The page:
This is a very readable book. It aims to introduce the reader to Professor Buteyko's work on the treatment of respiratory disease, particularly asthma. A foreword by Buteyko endorses Stalmatski's authority to present the material. He starts by asserting that this method 'is an effective and drug free treatment for asthma and some 150 other disorders.' He explains that Buteyko believes that asthma is the result of overbreathing and consequent deficit of carbon dioxide in the blood and body tissues, which results in less oxygen being available for cellular respiration. To most of us this is a revolutionary idea and Stalmatski's cavalier approach could well be toned down to help communicate these ideas.
In Chapter 2 the contributions of two physiotherapists and several patients lend credence to Stalmatski's claims and he goes on to focus on the rise in the incidence of asthma, the pathology of the disease, trigger factors and explains why, in his view, modern orthodox treatments are unsatisfactory. He states that whilst every week 40 people die from asthma in this country, reminding the reader of the seriousness of the condition, the use of bronchodilators is making respiratory conditions worse in most cases. According to Buteyko the development of powerful bronchodilators has made asthma a fatal illness in some individuals, a view that was expressed in the British Medical Journal in 1968. He explains that because of the 'Verigo-Bohr' effect, as carbon dioxide levels fall in the body the bond between oxygen and haemoglobin gets stronger and adequate oxygenation of the body is not achieved. Asthma, he claims, is the message that the body expresses to stop overbreathing and conventional treatments help you to override the message. Stalmatski claims that retraining breath control will reset the respiratory centre in the medulla to tolerate higher levels of carbon dioxide in the blood with 'tremendous positive implications for our health'.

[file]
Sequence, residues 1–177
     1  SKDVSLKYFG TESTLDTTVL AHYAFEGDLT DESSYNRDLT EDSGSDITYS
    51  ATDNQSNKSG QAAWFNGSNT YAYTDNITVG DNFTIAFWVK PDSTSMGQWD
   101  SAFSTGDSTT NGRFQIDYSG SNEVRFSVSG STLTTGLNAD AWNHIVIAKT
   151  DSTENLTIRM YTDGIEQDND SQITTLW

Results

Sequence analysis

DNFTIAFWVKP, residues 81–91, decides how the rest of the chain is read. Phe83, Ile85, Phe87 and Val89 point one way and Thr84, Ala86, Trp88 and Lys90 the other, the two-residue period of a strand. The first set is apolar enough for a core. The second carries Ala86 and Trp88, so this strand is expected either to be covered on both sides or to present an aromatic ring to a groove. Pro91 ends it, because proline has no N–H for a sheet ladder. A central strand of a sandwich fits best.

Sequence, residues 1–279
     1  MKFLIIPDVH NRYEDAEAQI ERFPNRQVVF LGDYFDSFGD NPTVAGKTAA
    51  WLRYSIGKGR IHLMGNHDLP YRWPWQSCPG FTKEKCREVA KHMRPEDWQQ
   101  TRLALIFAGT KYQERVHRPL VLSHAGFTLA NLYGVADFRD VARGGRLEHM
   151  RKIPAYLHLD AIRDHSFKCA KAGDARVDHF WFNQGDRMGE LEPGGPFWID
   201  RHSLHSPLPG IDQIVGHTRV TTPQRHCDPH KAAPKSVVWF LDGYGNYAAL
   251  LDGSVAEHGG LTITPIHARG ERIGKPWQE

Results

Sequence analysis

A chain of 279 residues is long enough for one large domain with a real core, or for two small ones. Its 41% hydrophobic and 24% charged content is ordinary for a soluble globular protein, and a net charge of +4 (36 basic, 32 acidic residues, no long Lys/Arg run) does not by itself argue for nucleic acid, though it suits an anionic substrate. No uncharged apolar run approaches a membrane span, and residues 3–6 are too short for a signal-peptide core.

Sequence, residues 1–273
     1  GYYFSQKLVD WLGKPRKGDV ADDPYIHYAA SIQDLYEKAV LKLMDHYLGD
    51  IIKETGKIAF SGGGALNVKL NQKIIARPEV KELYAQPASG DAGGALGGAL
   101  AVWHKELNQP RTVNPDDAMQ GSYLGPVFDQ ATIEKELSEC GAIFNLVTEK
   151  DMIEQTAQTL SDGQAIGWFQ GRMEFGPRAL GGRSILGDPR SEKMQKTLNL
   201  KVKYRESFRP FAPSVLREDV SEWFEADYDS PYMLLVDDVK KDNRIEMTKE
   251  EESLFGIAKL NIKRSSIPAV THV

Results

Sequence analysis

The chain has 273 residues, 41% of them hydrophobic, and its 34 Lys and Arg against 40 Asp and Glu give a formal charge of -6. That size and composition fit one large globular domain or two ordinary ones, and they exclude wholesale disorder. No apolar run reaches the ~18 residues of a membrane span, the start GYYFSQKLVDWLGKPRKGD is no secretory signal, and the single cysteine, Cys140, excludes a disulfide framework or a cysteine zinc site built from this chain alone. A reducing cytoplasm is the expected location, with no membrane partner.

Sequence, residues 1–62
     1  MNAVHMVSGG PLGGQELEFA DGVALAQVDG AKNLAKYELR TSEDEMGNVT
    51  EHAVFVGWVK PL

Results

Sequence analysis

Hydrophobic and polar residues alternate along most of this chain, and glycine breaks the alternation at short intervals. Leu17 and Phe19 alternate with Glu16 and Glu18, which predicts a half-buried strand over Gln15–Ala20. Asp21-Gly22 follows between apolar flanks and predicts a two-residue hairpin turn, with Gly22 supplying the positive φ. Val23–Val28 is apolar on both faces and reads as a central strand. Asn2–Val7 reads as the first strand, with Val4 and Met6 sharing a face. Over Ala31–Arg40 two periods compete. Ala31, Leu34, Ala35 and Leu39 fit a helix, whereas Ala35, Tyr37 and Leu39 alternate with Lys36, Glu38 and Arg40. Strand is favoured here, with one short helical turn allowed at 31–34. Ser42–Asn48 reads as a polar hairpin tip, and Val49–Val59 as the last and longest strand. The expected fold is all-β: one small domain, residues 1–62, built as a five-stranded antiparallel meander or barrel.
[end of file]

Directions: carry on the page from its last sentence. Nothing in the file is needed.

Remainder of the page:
His message is somewhat repetitive as he discusses sport, nasal disorders, allergies and asthma in children. But included in the text are some interesting views on the use of steroids and other drugs, the idea that hyperventilation in pregnancy can affect the foetus and the role food plays in worsening hyperventilation.
The content of this book is highly controversial when one considers the difference between the Buteyko approach to the treatment of respiratory disease and other approaches. The actual technique is not fully described and it is made clear that to learn the Buteyko method attending a workshop is necessary. The appendices do provide more detailed physiological information and include records of two studies done to demonstrate the effectiveness of the method. I am sure anyone who reads this book will find it challenges what most of us have been taught about breath control and it may be a very important milestone in developing our understanding of human physiology.
Richard Farrer Richard Farrer first studied acupuncture at Leamington Spa in the UK, graduating in 1985. This was followed by a two year course in Chinese herbs at the School of Chinese Herbal Medicine. He qualified as a chartered physiotherapist in 1994 and now runs a practice in Leicester in the UK, combining oriental and western approaches.